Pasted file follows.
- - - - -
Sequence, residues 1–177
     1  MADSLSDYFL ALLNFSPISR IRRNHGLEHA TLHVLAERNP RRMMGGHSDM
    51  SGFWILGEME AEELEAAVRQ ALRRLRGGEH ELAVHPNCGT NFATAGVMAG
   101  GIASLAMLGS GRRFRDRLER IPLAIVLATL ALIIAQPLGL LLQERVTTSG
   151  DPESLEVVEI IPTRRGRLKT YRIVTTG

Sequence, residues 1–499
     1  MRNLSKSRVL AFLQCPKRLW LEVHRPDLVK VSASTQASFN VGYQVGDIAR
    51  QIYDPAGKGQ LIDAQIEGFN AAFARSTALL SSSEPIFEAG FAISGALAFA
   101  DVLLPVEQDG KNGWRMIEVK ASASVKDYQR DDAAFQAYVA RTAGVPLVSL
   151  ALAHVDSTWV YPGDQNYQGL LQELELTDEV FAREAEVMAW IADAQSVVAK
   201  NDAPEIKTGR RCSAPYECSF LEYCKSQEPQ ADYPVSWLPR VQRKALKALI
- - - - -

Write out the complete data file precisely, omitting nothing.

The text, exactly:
Sequence, residues 1–177
     1  MADSLSDYFL ALLNFSPISR IRRNHGLEHA TLHVLAERNP RRMMGGHSDM
    51  SGFWILGEME AEELEAAVRQ ALRRLRGGEH ELAVHPNCGT NFATAGVMAG
   101  GIASLAMLGS GRRFRDRLER IPLAIVLATL ALIIAQPLGL LLQERVTTSG
   151  DPESLEVVEI IPTRRGRLKT YRIVTTG

Sequence, residues 1–499
     1  MRNLSKSRVL AFLQCPKRLW LEVHRPDLVK VSASTQASFN VGYQVGDIAR
    51  QIYDPAGKGQ LIDAQIEGFN AAFARSTALL SSSEPIFEAG FAISGALAFA
   101  DVLLPVEQDG KNGWRMIEVK ASASVKDYQR DDAAFQAYVA RTAGVPLVSL
   151  ALAHVDSTWV YPGDQNYQGL LQELELTDEV FAREAEVMAW IADAQSVVAK
   201  NDAPEIKTGR RCSAPYECSF LEYCKSQEPQ ADYPVSWLPR VQRKALKALI